: News

D.C.'s Bag Fee Strikes In Unexpected Places

Play associated audio

By Rebecca Sheir

It's been nearly a week since stores in the District that sell food or liquor started charging customers for disposable bags. The 5 cent fee is striking customers in some unexpected places.

Scott Evans just shelled out 5 cents for a bright blue plastic bag containing not food, not drink, but rather-

"A printer and some paper and a cartridge for it," Evans says.

Okay, so the printer's actually in a separate box. But the point is, Evans was shopping at Best Buy. The electronics store. Not necessarily the first place that comes to mind when you think of the new bag fee.

"I don't even like plastic bags, to be honest with you," he says. "But they did ask me if I wanted it. And I didn't have any hands, so I needed to have a bag!"

The legislation says the fee applies to "grocery stores, drug stores, liquor stores, restaurants and food vendors."

And all that candy in Best Buy's checkout line technically makes the retailer a "food vendor." Ditto on a sporting goods store selling energy bars. Or a department store hawking gourmet chocolates.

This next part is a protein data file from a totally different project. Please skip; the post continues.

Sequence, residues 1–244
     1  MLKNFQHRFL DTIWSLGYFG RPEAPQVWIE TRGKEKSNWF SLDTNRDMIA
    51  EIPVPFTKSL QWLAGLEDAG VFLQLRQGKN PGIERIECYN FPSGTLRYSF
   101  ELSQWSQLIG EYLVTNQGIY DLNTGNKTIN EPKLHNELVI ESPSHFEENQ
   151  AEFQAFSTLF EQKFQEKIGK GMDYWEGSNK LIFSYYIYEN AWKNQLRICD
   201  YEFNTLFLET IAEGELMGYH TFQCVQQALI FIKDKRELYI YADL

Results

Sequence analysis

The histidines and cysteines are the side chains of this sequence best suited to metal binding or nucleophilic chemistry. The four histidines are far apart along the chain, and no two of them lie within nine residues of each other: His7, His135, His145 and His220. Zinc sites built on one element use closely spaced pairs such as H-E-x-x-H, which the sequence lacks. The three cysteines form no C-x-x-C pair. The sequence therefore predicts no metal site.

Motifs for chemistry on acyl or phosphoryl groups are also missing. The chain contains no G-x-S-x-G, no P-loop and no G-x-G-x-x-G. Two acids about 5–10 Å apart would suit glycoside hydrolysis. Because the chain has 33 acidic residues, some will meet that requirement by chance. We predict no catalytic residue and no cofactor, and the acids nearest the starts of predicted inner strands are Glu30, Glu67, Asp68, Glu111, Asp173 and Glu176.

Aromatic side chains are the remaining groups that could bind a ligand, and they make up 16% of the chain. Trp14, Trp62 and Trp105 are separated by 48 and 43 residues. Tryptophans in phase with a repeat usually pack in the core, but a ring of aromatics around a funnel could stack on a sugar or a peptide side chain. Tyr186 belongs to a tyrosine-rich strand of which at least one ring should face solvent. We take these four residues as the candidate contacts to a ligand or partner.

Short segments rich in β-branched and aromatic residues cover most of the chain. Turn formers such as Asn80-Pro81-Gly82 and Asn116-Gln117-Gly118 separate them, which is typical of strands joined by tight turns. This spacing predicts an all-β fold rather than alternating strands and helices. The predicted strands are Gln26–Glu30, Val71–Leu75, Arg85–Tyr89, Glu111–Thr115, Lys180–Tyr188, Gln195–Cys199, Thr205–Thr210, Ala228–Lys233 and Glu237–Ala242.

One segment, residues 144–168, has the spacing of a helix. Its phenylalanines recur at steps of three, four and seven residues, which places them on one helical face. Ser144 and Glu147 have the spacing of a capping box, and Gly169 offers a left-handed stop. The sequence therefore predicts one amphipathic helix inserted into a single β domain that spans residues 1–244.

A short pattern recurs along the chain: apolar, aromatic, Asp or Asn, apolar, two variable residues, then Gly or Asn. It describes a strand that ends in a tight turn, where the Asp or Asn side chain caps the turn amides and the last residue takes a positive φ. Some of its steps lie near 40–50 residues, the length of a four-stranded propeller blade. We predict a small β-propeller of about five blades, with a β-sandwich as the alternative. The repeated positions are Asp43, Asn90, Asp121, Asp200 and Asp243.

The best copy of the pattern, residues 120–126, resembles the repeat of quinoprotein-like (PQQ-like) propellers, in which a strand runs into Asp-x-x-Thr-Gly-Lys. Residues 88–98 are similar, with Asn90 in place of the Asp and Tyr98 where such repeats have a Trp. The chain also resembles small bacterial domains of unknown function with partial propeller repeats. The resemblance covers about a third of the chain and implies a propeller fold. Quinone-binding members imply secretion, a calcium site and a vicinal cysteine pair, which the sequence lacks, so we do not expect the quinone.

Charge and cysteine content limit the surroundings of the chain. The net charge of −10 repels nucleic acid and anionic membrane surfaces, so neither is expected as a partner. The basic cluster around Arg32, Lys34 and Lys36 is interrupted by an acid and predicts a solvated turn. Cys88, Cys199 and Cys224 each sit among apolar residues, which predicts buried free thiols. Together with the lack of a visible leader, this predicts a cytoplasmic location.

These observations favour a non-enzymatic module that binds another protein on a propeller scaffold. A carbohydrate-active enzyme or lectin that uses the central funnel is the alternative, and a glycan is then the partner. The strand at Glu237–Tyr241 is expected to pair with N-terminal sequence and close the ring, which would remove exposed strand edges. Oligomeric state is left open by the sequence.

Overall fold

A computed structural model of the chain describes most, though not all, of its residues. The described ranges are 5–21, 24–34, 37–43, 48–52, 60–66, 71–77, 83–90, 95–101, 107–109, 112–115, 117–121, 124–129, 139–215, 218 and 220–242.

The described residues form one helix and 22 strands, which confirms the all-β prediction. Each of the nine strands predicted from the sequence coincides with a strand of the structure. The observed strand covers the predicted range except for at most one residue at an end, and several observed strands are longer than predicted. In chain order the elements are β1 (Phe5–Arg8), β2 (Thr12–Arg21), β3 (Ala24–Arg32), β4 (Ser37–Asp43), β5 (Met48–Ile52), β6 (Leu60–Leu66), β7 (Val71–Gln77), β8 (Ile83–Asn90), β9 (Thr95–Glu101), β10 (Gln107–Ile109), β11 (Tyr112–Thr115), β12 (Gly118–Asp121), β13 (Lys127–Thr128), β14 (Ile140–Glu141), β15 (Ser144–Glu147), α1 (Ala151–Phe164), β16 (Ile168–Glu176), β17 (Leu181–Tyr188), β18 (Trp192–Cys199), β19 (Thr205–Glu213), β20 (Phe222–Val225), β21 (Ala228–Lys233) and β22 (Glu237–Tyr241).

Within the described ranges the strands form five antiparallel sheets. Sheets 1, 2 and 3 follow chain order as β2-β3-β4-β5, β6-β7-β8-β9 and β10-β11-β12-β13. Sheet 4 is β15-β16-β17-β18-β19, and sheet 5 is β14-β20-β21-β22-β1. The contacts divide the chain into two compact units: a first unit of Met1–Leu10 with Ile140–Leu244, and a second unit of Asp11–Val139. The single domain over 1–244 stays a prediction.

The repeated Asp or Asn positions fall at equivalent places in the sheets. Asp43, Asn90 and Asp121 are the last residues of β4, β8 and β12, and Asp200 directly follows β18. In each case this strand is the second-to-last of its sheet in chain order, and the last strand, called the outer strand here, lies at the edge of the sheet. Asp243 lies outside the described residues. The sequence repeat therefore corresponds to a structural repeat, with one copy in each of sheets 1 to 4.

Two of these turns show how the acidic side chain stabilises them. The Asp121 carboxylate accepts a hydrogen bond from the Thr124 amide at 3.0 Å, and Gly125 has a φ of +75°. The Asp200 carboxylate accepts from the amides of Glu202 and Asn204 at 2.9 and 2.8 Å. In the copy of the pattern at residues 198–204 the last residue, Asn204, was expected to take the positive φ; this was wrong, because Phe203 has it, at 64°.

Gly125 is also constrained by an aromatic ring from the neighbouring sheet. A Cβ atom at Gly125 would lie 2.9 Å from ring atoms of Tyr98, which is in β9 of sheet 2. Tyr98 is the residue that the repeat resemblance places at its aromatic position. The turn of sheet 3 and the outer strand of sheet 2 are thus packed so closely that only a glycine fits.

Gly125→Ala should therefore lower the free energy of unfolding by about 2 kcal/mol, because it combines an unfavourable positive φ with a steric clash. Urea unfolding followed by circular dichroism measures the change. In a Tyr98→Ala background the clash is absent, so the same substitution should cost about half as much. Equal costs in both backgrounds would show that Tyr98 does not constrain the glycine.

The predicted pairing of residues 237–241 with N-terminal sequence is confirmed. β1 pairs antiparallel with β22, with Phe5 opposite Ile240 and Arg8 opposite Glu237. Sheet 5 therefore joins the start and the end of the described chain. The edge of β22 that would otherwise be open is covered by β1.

But that doesn't bother Natalie Oudar, another Best Buy shopper.

"I think it's a good thing,:" says Oudar. "I think it'll push people to start bringing their own bags, and less plastic will be used."

Of course, that's easy for her to say: the jump drive she just purchased was small enough to toss into her purse.

NPR

No Longer Omar: Actor Michael K. Williams On Lucky Breaks And Letting Go

Over the course of his career, Williams says he's learned to separate himself from his characters (like The Wire's Omar). In HBO's The Night Of, he plays a powerful prison inmate named Freddy.
NPR

#FoodPorn, Circa 1600s: Then And Now, It Was More About Status Than Appetite

A new study of old masters finds that capturing and showing off decadent and expensive meals is a decidedly old-fashioned practice. Like today's Instagrammers, it was all about projecting an image.
WAMU 88.5

The Legality Of Restoring Virginia Voting Rights

Virginia's governor is bypassing the commonwealth's Supreme Court ruling and restoring felon voting rights individually. Kojo examines Terry McAuliffe's move with a legal expert.

NPR

The Big Internet Brands Of The '90s — Where Are They Now?

Verizon's purchase of Yahoo will close the book on one of the oldest Internet companies. What happened to the other famous 90s brands, like GeoCities, Netscape and CompuServe? A nerdy remembrance.

Leave a Comment

Help keep the conversation civil. Please refer to our Terms of Use and Code of Conduct before posting your comments.